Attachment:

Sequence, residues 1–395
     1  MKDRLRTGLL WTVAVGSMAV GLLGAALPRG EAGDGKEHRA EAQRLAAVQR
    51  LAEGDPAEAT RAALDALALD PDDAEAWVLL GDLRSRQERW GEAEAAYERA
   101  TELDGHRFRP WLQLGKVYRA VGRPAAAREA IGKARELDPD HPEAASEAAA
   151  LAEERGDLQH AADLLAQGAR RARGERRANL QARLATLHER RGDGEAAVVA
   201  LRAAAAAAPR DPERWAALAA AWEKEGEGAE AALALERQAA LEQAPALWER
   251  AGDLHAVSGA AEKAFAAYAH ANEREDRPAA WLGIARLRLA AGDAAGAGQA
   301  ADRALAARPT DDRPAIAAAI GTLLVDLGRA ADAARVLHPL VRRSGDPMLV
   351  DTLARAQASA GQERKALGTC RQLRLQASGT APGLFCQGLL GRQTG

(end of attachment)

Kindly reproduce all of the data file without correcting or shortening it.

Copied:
Sequence, residues 1–395
     1  MKDRLRTGLL WTVAVGSMAV GLLGAALPRG EAGDGKEHRA EAQRLAAVQR
    51  LAEGDPAEAT RAALDALALD PDDAEAWVLL GDLRSRQERW GEAEAAYERA
   101  TELDGHRFRP WLQLGKVYRA VGRPAAAREA IGKARELDPD HPEAASEAAA
   151  LAEERGDLQH AADLLAQGAR RARGERRANL QARLATLHER RGDGEAAVVA
   201  LRAAAAAAPR DPERWAALAA AWEKEGEGAE AALALERQAA LEQAPALWER
   251  AGDLHAVSGA AEKAFAAYAH ANEREDRPAA WLGIARLRLA AGDAAGAGQA
   301  ADRALAARPT DDRPAIAAAI GTLLVDLGRA ADAARVLHPL VRRSGDPMLV
   351  DTLARAQASA GQERKALGTC RQLRLQASGT APGLFCQGLL GRQTG